Cochabamba [Bolivia], June 10 (ANI): Discussions are underway for the opening of Chinese banks in Bolivia but there are serious doubts and concerns about trading with China in Yuan currency, Voice of America (VOA) reported.
The national government's problem is a "structural denial of the crisis in Bolivia," which is why "distractive measures are taken that are not aimed at solving the crisis," according to opposition senator Cecilia Requena.
"The yuan lacks the conditions to be an internationally accepted currency because it has many exchange restrictions that are heavily influenced by politics in an opaque manner," Requena noted.
Jose Gabriel Espinoza, an economist and former director of the Central Bank of Bolivia, told VOA that the yuan pronouncements are more politically motivated in order to lower the population's expectations owing to a scarcity of dollars, VOA reported.
"You have to understand that in Bolivia and probably in the region, a large part of the consumer goods come from contraband. They do not come from Chinese markets or intermediaries in that country but are bought from secondary markets. This means resale, and for this, the dollar is used," Espinoza said.
However, the Chinese ambassador to Bolivia, Huang Yazhong, made the announcement earlier this month about the usage of yuan in Bolivia, VOA reported.
For a currency to be effective globally, it must have a very high degree of demand, said financial consultant, Jaime Dunn.
Ninety per cent of transactions are made in dollars, 60 per cent of the Swift system (which facilitates the movement of capital between countries) is in dollars and the yuan is less than 2 per cent.
One yuan is currently equivalent to 0.14 dollars and 0.98 bolivianos.
"Bolivia does not have the conditions for a change from the dollar to the yuan currently because all the income from imports and exports that the country makes go to markets where we are paid in dollars and imports are also in dollars. On the other hand, we also have a trade balance with China that is negative," explained Dunn.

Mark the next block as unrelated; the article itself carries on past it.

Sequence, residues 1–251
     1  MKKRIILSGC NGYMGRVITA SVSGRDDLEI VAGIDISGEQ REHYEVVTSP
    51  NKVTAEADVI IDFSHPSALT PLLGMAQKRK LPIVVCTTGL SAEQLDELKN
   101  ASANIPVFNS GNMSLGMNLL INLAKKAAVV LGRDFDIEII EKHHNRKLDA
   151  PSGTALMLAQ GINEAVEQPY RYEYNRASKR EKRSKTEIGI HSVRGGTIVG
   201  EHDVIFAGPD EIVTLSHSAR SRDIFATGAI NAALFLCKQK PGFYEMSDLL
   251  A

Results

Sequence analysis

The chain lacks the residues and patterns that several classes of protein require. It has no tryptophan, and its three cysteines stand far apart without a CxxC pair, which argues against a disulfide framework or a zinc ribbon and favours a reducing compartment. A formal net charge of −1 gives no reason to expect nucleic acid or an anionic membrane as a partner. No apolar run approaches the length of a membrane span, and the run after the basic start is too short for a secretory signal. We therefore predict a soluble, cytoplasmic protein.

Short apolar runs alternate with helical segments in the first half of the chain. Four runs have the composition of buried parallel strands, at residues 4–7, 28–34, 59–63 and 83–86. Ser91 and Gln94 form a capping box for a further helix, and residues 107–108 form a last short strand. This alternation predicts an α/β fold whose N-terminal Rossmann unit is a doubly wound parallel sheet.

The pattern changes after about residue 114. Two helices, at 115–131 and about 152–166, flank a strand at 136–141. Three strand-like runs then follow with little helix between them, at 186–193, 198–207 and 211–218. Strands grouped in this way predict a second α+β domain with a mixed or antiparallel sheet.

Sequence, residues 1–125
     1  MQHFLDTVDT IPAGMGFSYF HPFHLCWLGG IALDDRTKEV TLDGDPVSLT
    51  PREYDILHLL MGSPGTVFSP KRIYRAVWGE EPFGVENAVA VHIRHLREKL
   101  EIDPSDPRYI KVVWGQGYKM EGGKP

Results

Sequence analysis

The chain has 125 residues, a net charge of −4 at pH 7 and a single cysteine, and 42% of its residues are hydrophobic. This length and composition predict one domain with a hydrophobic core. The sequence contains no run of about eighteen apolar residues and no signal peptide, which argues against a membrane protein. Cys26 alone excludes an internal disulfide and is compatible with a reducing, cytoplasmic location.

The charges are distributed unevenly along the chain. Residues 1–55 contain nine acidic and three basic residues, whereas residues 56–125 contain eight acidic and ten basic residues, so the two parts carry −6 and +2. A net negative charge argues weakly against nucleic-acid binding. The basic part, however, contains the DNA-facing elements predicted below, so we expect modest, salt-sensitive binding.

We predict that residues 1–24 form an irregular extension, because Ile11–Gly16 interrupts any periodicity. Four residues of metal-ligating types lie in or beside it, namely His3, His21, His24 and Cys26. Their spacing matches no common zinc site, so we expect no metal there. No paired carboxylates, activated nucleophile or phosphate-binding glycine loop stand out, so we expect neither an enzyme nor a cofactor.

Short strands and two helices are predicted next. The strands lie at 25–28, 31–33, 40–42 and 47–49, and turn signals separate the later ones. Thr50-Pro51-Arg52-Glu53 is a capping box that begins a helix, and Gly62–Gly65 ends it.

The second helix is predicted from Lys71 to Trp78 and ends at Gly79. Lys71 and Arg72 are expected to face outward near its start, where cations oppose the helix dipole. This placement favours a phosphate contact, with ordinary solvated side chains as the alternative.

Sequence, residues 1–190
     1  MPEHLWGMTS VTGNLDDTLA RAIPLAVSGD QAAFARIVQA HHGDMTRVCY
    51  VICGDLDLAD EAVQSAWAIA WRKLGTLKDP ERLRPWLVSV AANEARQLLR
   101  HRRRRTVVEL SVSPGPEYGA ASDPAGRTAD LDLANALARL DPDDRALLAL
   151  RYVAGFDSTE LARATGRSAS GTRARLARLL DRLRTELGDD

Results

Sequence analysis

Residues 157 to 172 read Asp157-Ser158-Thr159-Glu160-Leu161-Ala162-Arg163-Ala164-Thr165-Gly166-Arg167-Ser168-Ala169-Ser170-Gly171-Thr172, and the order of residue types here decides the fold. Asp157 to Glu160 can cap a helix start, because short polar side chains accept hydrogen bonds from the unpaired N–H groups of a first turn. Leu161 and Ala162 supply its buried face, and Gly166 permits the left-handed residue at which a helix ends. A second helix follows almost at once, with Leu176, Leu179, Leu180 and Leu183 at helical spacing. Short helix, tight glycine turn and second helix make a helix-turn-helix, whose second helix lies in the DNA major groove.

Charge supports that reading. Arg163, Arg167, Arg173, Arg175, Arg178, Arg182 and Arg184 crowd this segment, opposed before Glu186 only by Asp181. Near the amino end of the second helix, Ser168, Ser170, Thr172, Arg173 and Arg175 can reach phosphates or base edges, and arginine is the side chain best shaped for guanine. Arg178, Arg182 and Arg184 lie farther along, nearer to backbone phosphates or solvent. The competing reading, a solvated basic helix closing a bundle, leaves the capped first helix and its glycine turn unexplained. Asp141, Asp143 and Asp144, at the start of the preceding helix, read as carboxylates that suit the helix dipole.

In his mid-term report in May, Bolivian President Luis Arce referenced Brazil and Argentina as two close countries that have agreements with China to trade in the yuan rather than in dollars, a path that he said Bolivia would follow because "the region is shifting towards that." A date has yet to be announced as to when that could happen, VOA reported.
The shortage of dollars has worsened in the last three months, and Bolivians have faced restrictions on banking operations in the US currency.
Initially, the national government minimized the financial situation and later proposed to meet the high demand for dollars from the Central Bank of Bolivia itself through direct sales, but the demand continues. There is a waiting list to acquire the dollar and a parallel exchange market has been formed.
Bolivia has also seen a growth in fuel imports, which in 2022 reached USD 4.2 billion, 2 per cent of total imports, while gas exports fell to USD 3.4 billion, VOA reported.
Bolivia is the third country in Latin America to consider using the Chinese yuan for trade.
In Argentina, the government announced in April that its purchases from China would begin to be paid in the yuan instead of dollars, to preserve its weakened international reserves.
As of March in Brazil, the yuan has supplanted the euro as the second-largest foreign reserve currency, according to a central bank report. The government announced an agreement to trade with China in the currencies of both countries, the yuan and Real, and avoid resorting to the dollar.
"If South America unites as a region, it can be a regional counterweight. To the north, we share our continent with a superpower, like the United States, and obviously, in that context, there are interests," said Bolivian Foreign Minister Rogelio Mayta in an interview with Chinese state media CGTN.
In Bolivia, analysts said replacing the dollar with the yuan could not be implemented in the short term, but it is possible for bilateral trade.
"Transactions with countries are one thing and transactions with the Chinese yuan that could be handled at certain levels are another thing. But in daily activity, dollars or the national currency will always be handled, and it will hardly happen that it will be replaced by the yuan," said Dunn. (ANI)